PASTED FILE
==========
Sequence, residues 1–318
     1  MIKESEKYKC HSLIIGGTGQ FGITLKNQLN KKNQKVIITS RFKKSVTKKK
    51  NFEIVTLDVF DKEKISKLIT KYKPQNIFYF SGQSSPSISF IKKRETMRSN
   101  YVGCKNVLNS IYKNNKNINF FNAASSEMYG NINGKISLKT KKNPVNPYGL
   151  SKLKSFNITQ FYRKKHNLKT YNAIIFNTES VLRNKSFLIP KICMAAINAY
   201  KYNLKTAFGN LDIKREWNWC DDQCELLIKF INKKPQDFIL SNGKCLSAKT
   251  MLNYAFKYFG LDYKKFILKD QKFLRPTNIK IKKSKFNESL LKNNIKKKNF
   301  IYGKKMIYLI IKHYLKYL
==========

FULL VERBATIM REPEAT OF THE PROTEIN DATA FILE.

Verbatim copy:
Sequence, residues 1–318
     1  MIKESEKYKC HSLIIGGTGQ FGITLKNQLN KKNQKVIITS RFKKSVTKKK
    51  NFEIVTLDVF DKEKISKLIT KYKPQNIFYF SGQSSPSISF IKKRETMRSN
   101  YVGCKNVLNS IYKNNKNINF FNAASSEMYG NINGKISLKT KKNPVNPYGL
   151  SKLKSFNITQ FYRKKHNLKT YNAIIFNTES VLRNKSFLIP KICMAAINAY
   201  KYNLKTAFGN LDIKREWNWC DDQCELLIKF INKKPQDFIL SNGKCLSAKT
   251  MLNYAFKYFG LDYKKFILKD QKFLRPTNIK IKKSKFNESL LKNNIKKKNF
   301  IYGKKMIYLI IKHYLKYL